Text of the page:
By John William Donaldson, Karl Otfried Müller
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Additional resources for A history of the literature of ancient Greece; from the foundation of the Socratic schools to the taking of Constantinople by the Turks. Being a continuation of K.O. Müller's work
A necessary conthat there was liand, Socrates had maintained his hearers made two of nexion between virtue and happiness, tlic this cqnation the basis of two opposite systems of morality; for while Antisthcues asserted that virtue was happiness, Aristippus maintained that happiness was virtue; and while the former compelled the mind of man to surrender all its inclinations, the upon nature to submit to the cravings of human The appetite. speculations of the Megaric school, duly sifted and criticised, paved the way for the idealism of Plato and the Cynics, who claim Antisthenes for their founder, and the Cyrenaics, who took their rise with Aristippus, were represented latter called ; with certain by the Stoics and Epicureans reformer being also the inheritors of the Megaric modifications spectively, the teaching of Stilpo.
Laert. II. 108. 2 pi^^. p^^^„ ^ ^^ j^ EUCLEIDES. US the titles;' served, llis 13 but not a fragment of his works has been previewSj however, arc criticized the iu SopJiiates, Politicus, Purmenides, and trines of Philehus, of Phito, and tlie docschool are often referred to by ancient writers. ^ was, of course, purely metaphysical, and was not regarded in Even the dialectics of Eucleides were its practical result. an Elcatic Starting as pliilosophcr, unity, Eucleides maintained that it — ' ' He rejected all reasoning by analog}', all formal demonstrations ; and in arguing syl- logically unpractical.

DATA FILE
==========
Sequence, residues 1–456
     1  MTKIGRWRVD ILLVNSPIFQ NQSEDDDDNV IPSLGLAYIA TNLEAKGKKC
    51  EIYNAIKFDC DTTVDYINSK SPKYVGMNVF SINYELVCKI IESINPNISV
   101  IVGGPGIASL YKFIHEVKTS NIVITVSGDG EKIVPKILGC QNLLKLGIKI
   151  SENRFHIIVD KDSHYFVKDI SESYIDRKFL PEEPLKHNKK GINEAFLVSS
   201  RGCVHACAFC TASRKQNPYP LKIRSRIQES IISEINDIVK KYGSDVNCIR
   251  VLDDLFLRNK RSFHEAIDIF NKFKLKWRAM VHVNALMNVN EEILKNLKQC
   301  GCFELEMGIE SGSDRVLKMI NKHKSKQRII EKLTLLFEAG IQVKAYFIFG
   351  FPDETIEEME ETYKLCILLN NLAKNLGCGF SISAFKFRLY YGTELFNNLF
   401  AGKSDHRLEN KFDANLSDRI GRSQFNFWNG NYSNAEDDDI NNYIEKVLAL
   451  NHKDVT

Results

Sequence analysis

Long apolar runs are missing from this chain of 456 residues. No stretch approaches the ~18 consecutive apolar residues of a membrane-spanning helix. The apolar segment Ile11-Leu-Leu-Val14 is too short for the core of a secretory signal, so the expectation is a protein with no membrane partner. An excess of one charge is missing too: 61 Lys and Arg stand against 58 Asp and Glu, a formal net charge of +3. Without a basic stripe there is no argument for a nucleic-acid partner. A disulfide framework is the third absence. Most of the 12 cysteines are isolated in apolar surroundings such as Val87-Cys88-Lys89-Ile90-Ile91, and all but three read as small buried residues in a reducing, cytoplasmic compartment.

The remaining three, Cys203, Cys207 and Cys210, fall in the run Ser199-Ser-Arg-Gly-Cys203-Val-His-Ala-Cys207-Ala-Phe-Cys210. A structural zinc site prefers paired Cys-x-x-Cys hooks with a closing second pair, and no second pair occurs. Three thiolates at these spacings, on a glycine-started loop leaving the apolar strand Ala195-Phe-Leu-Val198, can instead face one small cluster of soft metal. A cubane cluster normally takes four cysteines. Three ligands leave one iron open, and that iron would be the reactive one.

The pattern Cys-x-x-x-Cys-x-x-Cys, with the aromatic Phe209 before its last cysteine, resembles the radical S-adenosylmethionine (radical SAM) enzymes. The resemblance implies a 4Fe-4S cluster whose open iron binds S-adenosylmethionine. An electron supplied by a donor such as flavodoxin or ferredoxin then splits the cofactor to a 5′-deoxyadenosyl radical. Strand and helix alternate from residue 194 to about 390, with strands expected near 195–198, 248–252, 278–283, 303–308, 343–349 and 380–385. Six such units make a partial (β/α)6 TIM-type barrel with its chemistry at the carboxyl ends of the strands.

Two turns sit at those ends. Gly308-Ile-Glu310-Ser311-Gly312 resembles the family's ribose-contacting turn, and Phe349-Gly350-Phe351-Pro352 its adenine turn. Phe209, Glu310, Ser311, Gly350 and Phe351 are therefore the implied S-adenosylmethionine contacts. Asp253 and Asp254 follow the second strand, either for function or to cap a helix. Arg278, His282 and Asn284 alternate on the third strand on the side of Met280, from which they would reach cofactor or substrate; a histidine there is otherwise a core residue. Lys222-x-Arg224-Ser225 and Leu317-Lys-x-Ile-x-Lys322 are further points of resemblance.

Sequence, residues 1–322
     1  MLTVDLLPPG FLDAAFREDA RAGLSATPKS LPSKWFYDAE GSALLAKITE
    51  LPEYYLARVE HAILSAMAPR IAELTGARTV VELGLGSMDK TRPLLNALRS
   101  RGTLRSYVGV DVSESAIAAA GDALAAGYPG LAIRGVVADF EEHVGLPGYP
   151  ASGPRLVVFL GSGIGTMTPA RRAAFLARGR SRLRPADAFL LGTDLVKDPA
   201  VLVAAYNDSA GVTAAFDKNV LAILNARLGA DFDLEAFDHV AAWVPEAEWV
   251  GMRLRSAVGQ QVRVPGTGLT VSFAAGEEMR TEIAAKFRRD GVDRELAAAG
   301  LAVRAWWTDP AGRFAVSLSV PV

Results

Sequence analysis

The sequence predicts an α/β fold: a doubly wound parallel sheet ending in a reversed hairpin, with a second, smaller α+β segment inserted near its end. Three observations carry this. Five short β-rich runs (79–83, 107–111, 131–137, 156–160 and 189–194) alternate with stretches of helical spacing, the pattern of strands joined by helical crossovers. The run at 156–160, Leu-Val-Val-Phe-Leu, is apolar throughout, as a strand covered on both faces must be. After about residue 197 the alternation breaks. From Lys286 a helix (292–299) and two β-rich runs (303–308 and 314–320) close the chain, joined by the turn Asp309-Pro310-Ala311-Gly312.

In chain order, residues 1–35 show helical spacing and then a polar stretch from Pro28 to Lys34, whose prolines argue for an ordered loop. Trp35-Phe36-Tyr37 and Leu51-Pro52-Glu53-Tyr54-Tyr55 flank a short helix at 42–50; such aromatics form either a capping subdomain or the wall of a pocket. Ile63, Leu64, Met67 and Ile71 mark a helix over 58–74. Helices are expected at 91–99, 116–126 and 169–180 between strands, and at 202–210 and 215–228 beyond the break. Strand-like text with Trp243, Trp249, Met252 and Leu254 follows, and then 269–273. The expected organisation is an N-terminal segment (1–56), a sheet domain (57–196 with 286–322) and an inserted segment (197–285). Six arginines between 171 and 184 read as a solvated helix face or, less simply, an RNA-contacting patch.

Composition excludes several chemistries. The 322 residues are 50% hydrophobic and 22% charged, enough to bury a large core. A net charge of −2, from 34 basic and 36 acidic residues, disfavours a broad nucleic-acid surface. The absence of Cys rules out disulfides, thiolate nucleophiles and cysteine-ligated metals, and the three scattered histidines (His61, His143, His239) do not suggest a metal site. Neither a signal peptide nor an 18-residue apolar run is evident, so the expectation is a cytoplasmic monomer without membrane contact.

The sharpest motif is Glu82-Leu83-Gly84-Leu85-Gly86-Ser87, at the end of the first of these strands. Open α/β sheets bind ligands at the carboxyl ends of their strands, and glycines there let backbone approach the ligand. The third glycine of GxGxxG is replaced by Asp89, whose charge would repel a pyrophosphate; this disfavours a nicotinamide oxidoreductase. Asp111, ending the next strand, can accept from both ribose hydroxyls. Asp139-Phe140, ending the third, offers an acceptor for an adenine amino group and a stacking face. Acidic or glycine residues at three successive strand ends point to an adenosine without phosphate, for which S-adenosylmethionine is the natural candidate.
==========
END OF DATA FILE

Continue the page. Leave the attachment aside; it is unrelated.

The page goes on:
Was quite case be otherwise. Their 5 renown was i)riiieij);il aeeoiiiplished/ and pre-einiueutiy kuXoI, or cared little or nothing for the distinctions of Ijirtli. that they felt niichlle those It class,' of the would be man who to ' the they They constituted, as, in fact, tliey did, a sort of whose interests were identical neither with with those nobles nor old of the democracy. name any difficult to very prominent literary of this sera, with the single exception of Aristophanes, did not belong to the literary aristocrats.
A history of the literature of ancient Greece; from the foundation of the Socratic schools to the taking of Constantinople by the Turks. Being a continuation of K.O. Müller's work by John William Donaldson, Karl Otfried Müller